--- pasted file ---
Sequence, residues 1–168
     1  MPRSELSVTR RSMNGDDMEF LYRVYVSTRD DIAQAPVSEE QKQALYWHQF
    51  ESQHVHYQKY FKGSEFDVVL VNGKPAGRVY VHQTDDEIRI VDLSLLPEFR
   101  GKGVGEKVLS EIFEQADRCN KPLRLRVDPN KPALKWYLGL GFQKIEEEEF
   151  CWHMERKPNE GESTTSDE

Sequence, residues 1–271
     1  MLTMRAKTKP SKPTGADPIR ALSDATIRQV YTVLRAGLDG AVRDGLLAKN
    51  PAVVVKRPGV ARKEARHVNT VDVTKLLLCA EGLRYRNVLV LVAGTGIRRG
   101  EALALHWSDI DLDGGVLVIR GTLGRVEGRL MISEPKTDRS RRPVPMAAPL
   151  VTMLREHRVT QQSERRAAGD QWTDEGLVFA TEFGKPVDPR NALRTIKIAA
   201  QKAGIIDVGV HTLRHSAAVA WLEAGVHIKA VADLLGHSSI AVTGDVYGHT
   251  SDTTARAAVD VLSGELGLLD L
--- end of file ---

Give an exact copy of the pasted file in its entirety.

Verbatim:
Sequence, residues 1–168
     1  MPRSELSVTR RSMNGDDMEF LYRVYVSTRD DIAQAPVSEE QKQALYWHQF
    51  ESQHVHYQKY FKGSEFDVVL VNGKPAGRVY VHQTDDEIRI VDLSLLPEFR
   101  GKGVGEKVLS EIFEQADRCN KPLRLRVDPN KPALKWYLGL GFQKIEEEEF
   151  CWHMERKPNE GESTTSDE

Sequence, residues 1–271
     1  MLTMRAKTKP SKPTGADPIR ALSDATIRQV YTVLRAGLDG AVRDGLLAKN
    51  PAVVVKRPGV ARKEARHVNT VDVTKLLLCA EGLRYRNVLV LVAGTGIRRG
   101  EALALHWSDI DLDGGVLVIR GTLGRVEGRL MISEPKTDRS RRPVPMAAPL
   151  VTMLREHRVT QQSERRAAGD QWTDEGLVFA TEFGKPVDPR NALRTIKIAA
   201  QKAGIIDVGV HTLRHSAAVA WLEAGVHIKA VADLLGHSSI AVTGDVYGHT
   251  SDTTARAAVD VLSGELGLLD L